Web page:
Awakened by a Dream: How the Theo-centric Eschatology of Quevedo’s Los Sueños Deconstructs Socio-centric Ideologies

Dr. Bryce Christensen
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In a series of radical satires, "Los sueños" (1607-1612) plunges readers into a disorienting metaphysics that dissolves the social hierarchies of late-Renaissance Spain and the socially constructed ideologies that sustain those hierarchies. Though the metaphysics that Quevedo deploys is recognizably Christian and scriptural, this literary representation of that metaphysics to challenges politically powerful institutions that claim social and ideological ownership of Christian doctrine and Scripture. Quevedo’s work, indeed, helps clarify the sharp contrast between a truly theo-centric theory of meaning and a socio-centric theory of meaning. Again and again, Quevedo depicts socially negotiated meaning as hypocrisy and deceit that will survive the scrutiny of neither the devils in hell (Sueño del Infierno) nor God in Heaven (Sueño del juico final). In an unexpected way, Quevedo’s work also clarifies—particularly in his metaphysically satirical portrayal of physicians, apothecaries, and astrologers--the conflict between critics who interpret science as empirical realists and those who interpret science as social constructivists.

Modern skeptics may view Quevedo’s own metaphysics as no more than just another social construct. However, because of the radical way Quevedo wields his metaphysics against virtually all extant social powers, readers may conclude that he hopes not to erect a new social construct but simply to smash all extant social constructs in order to expose hidden realities. (“!Qué diferentes son las cosas del mundo de como las vemos!”)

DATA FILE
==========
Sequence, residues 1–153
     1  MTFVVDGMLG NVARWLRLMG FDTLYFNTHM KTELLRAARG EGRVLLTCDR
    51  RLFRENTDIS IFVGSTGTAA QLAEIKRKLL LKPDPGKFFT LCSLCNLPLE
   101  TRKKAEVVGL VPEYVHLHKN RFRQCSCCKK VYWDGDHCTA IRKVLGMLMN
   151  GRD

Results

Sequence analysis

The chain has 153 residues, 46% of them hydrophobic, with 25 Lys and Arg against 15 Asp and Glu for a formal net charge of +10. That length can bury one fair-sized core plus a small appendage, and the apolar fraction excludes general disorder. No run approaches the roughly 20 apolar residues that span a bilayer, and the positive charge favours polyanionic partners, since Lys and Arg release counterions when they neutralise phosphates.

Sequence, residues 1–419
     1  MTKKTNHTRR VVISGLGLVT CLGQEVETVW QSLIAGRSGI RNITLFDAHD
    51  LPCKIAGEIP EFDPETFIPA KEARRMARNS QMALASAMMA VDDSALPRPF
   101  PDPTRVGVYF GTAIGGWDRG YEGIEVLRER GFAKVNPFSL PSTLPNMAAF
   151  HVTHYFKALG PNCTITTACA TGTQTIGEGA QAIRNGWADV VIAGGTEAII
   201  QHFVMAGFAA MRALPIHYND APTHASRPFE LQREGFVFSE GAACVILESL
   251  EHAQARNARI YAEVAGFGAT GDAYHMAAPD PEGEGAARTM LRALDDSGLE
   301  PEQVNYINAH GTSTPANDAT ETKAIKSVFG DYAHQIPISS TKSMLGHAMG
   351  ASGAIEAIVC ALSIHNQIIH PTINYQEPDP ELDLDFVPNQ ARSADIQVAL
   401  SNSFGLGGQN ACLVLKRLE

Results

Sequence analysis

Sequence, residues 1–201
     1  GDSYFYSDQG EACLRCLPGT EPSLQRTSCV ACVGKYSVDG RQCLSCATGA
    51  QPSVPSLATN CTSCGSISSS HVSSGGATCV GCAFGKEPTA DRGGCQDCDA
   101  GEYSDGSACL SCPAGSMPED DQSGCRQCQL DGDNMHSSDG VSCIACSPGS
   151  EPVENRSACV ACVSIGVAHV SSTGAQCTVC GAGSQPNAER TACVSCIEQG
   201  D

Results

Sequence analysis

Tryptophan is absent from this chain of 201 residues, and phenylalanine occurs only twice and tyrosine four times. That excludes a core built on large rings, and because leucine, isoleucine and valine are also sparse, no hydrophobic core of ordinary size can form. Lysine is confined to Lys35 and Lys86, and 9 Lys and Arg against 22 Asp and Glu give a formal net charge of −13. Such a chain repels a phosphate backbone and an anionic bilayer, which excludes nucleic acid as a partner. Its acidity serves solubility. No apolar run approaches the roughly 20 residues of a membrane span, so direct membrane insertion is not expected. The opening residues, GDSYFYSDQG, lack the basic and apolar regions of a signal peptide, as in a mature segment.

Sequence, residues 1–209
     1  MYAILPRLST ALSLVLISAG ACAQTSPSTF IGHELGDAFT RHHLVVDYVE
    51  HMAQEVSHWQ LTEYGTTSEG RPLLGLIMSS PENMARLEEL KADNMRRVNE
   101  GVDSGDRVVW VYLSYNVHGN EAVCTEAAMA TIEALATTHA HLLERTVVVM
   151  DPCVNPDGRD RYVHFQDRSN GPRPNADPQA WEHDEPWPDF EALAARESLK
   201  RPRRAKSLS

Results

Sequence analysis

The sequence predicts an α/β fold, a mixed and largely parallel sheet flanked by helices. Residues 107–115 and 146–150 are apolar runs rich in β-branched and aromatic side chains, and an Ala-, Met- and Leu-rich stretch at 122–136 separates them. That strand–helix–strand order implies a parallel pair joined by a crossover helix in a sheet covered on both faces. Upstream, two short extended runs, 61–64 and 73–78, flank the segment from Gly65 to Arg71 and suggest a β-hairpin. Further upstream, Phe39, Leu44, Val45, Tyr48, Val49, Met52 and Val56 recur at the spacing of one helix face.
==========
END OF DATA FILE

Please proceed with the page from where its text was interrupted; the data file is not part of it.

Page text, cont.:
Keywords: Ideology, Social Constructivism, Metaphysics of Art
Stream: Constructing Art Worlds, Meaning and Representation
Presentation Type: Paper Presentation in English/Spanish
Paper: Awakened by a Dream

Dr. Bryce Christensen

Assistant Professor of Composition, Department of English, Southern Utah University
Cedar City, Utah, USA

Bryce Christensen, who teaches writing and world literature at Southern Utah University, received his Ph. D. in English literature from Marquette University. His current research interests include the ethics of science, utopian literature, and the politics of the family. He focuses especially on the problem of preserving human values in a world increasingly de-mystified and de-sacralized by science. Also central to his critical investigations is the difficulty of establishing a community of trust in a culture increasingly skeptical of any and all truth claims. Dr. Christensen has published poetry and critical articles in a number of scholarly journals. His novel "Winner!" (forthcoming from Whiskey Creek Press) examines the psychological consequences of the failure of the Promethean project of modern science.

Ref: A06P0453